ROBOCOP FREED OF MURDER
By LAUREL V WILLIAMS Saturday, November 12 2011
The unreliability of a state witness led to the collapse of the murder case against Selwyn “Robocop” Alexis who walked out the Chaguanas Magistrates’ Court a free man yesterday, nine weeks after he was charged for murder.
Director of Public Prosecutions (DPP) Roger Gaspard confirmed to Newsday the evidence of the state witness could not be used, and added an investigation on matters relating to the collapse of the murder case has begun.
“The witness’ credibility and reliability came into question and as such, he could no longer be a witness. The file regarding this matter, has been sent to the Anti-Corruption Bureau.”
Senior Superintendent Koon Koon, who heads the Bureau, is investigating the matter.
When the case came up for hearing, State attorney George Busby told Magistrate Gillian Scotland that based on information received “there was no reasonable prospect that Mr Alexis can be prosecuted in this matter.”
Upon hearing this, Alexis, of Enterprise, Chaguanas, smiled and Scotland told him he was free to leave. Dressed in a black jeans, black jersey and holding a plastic bag, Alexis climbed into a panel van and left.
Alexis, who is a contractor, was on September 5, charged with the murder of Vincent Emmanuel Simmons, who was shot and killed on October 7, 2008, at Niblette Street, Enterprise in Chaguanas.
Alexis was arrested on August 30 while at the luxury apartment One Woodbrook Place, Port-of-Spain, when the city was under the 9 pm to 5 am curfew in the first week of the state of emergency. A week later he appeared in the Chaguanas Magistrates’ Court charged with the murder of Simmons. Speaking on Alexis’ behalf following the court hearing yesterday, his attorney Joseph Honore said there was no doubt in his mind his client was not guilty of the charge. He praised the Director of Public Prosecutions (DPP) Roger Gaspard for displaying independence.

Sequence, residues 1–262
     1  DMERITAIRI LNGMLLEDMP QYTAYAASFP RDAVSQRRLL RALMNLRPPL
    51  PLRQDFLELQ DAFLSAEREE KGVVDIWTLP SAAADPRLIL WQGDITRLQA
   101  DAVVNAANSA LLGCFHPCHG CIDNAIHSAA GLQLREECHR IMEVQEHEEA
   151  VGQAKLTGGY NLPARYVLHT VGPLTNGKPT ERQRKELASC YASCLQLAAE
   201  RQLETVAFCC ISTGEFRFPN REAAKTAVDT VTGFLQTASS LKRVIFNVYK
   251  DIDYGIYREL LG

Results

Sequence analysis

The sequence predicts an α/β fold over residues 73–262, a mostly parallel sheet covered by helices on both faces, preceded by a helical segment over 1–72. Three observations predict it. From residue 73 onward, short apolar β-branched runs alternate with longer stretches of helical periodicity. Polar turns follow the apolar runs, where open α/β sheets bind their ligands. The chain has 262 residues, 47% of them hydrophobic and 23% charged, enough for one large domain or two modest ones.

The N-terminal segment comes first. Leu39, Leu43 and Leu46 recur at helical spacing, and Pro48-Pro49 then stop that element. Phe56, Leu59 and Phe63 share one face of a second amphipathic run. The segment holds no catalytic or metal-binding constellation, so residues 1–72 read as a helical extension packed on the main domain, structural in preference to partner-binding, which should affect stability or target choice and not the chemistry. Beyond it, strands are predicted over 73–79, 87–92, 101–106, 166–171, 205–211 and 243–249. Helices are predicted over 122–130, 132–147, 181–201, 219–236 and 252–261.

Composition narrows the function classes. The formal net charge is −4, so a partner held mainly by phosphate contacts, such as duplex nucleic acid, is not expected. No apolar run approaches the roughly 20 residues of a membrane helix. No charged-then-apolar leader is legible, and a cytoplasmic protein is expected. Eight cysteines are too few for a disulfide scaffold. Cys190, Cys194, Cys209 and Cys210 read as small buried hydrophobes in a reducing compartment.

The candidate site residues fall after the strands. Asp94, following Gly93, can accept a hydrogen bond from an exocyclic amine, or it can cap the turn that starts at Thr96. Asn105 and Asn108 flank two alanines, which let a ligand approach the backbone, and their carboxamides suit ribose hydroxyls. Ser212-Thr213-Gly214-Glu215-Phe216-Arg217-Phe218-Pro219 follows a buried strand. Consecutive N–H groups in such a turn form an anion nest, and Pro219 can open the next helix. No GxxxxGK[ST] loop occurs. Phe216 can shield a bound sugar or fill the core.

Honore said, “From day one, I was confident he was going to get off. I hope this matter does not end here. We want a full investigation so that the public would know the truth in this matter. In particular, the manner in which police investigators commenced their investigations.”
Honore, a former senior police officer, said he had launched his own investigation into the matter, and questioned the procedure for taking statements in the case.
“This is a case which demonstrates that urgent reform is needed with regards to upgrading the investigative techniques (used by homicide officers),” Honore said.
Honore, while opting not to say much more on the issue, said that Alexis may be a State witness in the future.
In the past, Alexis was charged with kidnapping, extortion and perverting the course of justice, but these cases were all dismissed in the Magistrates’ Court.